Frank von Hippel, a nuclear physicist who is now a professor of public and international affairs at the Wilson School and co-director of the Program on Science and Global Security, was among those who signed the letter.
“[Holt] is very capable. He’s insightful and has good priorities in my judgment,” von Hippel said. “This Republican Party doesn’t give much outlet for one’s creativity or generosity as a minority member of the House. I guess I took his decision as an indication that he doesn’t think that the Democrats are going to take over anytime soon.”
Von Hippel also said that Holt was accessible to members of the University community.
“He certainly was receptive to me. I’d been working on the Iran nuclear issue, and he was very supportive,” von Hippel said. “He even came to some NGO meetings at the Hague and in Vienna … meetings with Iranian officials, and we just kind of discussed the possibilities.”
Robert Keohane, professor of international affairs at the Wilson School, said that Holt’s membership in the House minority party and his failure to be elected as senator, which would have given him a job with a greater scope in a branch of Congress where he would likely have been in the majority, probably contributed to his decision to move on.
“He’s relatively young. He has a lot of talent. My guess is that he has something he wants to do that seems to be more interesting than hitting his head against the wall,” Keohane explained. “[His running for Senate] indicates that he was very dissatisfied with being a representative … He should have lots of opportunities. Why should he go to the office every day knowing he’s not going to accomplish anything?”
Holt was rated one of the five most liberal members of the House by the National Journal in 2009. He voiced his frustration with government shutdowns that he blamed on House Republicans in an October 2013 interview with the ‘Prince’.
Holt, the sole Quaker in Congress, also called for cuts in defense spending during his tenure.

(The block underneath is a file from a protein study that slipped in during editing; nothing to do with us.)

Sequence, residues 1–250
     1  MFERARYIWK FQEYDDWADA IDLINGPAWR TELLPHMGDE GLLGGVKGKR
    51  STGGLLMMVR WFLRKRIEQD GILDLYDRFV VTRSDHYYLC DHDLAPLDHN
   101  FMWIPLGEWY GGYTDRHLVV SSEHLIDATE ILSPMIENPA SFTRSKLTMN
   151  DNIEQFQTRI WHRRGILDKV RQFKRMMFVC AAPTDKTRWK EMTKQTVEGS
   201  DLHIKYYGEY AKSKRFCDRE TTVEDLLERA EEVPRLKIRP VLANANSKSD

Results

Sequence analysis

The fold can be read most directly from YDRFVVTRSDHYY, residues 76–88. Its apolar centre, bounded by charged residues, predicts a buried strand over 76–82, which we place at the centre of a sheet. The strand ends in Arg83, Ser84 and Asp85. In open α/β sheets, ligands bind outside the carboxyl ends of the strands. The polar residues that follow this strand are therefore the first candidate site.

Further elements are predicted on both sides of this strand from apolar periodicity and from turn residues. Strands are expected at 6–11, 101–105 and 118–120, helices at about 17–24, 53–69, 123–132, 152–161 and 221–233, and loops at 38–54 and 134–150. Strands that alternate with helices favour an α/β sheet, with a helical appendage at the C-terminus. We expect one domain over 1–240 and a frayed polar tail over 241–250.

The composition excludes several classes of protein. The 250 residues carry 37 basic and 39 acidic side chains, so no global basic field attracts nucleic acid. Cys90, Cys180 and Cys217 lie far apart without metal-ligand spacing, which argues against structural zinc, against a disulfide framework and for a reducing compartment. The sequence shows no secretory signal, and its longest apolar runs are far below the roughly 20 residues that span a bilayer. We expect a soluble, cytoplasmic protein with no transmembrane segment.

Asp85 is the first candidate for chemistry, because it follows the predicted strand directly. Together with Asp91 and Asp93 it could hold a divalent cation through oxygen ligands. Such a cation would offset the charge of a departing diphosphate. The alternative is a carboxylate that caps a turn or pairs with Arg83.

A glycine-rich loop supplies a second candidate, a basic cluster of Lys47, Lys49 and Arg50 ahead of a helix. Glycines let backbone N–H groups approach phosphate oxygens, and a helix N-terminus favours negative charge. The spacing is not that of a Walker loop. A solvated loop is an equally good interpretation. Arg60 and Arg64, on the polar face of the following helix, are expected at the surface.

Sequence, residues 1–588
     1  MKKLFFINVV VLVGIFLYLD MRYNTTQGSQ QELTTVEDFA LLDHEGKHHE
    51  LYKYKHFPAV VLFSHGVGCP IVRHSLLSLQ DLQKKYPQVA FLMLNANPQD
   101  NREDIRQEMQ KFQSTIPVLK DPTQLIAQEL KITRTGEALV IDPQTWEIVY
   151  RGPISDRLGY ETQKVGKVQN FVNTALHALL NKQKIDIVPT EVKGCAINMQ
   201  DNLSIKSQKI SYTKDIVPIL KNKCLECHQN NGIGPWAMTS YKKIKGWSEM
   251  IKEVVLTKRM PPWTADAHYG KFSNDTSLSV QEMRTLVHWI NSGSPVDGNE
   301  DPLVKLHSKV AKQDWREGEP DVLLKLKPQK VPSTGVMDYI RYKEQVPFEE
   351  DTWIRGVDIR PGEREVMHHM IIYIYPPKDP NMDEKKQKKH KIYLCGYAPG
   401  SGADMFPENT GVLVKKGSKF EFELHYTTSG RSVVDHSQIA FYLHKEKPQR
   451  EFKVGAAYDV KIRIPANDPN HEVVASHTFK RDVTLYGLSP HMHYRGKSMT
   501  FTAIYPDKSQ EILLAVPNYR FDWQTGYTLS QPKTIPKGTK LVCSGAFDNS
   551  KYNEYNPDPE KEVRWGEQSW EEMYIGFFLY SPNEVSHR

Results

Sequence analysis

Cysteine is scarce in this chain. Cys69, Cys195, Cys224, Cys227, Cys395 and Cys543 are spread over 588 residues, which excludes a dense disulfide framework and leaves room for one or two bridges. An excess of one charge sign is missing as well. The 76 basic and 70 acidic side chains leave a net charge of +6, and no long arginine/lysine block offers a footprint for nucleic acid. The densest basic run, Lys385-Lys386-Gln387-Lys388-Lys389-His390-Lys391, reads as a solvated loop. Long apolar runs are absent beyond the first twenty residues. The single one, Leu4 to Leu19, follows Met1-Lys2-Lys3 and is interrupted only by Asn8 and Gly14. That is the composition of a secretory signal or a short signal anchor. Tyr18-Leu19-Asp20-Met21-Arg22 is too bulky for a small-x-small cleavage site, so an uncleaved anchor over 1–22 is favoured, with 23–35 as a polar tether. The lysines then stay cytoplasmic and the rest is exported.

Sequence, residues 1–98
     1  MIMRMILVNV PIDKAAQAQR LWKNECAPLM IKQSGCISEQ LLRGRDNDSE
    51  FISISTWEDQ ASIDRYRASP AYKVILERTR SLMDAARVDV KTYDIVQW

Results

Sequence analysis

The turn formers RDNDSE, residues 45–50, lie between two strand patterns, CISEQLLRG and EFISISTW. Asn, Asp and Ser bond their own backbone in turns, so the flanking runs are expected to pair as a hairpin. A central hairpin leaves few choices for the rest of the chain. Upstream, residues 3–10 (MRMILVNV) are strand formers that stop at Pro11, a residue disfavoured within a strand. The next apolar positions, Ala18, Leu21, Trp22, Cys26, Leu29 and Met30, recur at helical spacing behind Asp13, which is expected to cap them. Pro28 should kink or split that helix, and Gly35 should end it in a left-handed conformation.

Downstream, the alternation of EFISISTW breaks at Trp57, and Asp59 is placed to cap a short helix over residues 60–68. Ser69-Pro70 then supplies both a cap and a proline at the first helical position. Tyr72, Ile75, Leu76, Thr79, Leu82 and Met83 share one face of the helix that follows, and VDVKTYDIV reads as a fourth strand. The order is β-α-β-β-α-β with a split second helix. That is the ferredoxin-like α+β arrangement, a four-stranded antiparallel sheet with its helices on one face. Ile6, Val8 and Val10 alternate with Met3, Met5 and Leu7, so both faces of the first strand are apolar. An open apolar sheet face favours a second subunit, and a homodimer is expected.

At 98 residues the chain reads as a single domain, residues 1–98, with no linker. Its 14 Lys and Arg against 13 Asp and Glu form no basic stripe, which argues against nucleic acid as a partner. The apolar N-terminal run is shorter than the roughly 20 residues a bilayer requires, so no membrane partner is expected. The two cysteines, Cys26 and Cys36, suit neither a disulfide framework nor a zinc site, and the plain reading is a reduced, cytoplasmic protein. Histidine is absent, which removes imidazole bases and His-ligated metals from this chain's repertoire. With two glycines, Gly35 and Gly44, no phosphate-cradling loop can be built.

“We are spending as much as the rest of the world combined [on military spending], friend and foe,” Holt had said. “We shouldn’t be known for the efficiency of our killing. We should be known for the humanity of our ideals.”
He also expressed frustration with the state of affairs in Washington at a March 8 question-and-answer session at Terrace Club. Specifically, he said he thought his colleagues lacked the will to invest in research and education.
Nonetheless, Holt remained optimistic about Congress in a statement to The New York Times on Tuesday.
“From my point of view, Congress, even with its frustrations, is the greatest instrument for justice and human welfare in the world,” he said. “The stories trying to puzzle out why someone would do something else are based on this rather narrow way of thinking that the only purpose for a member of Congress is to be reelected. I’ve never viewed it that way, and I think everybody who’s worked with me knows that I think there are a lot of things that I can and should be doing.”
Holt maintained a close relationship with the University throughout his time in office and was in attendance at the installation ceremony of University President Christopher Eisgruber ’83 on Sept. 22.
“The speech, in fact, today dealt in part, I’m pleased to see, with maintaining excellent education in America and not falling victim to fads, to excessive commercialization or commoditization,” Holt said at the time.
Holt is also a five-time Jeopardy! champion and was the only member of Congress to defeat the IBM supercomputer Watson on the show.
His father, Rush Holt, Sr. was a U.S. Senator from West Virginia.
Correction: Due to a reporting error, an earlier version of this article misstated a quote by professor professor of mechanical and aerospace engineering Emily Carter. Due to a reporting error, an earlier version of this article inaccurately attributed donations received by U.S. Rep. Rush Holt. The donations were made by University employees. The ‘Prince’ regrets the errors.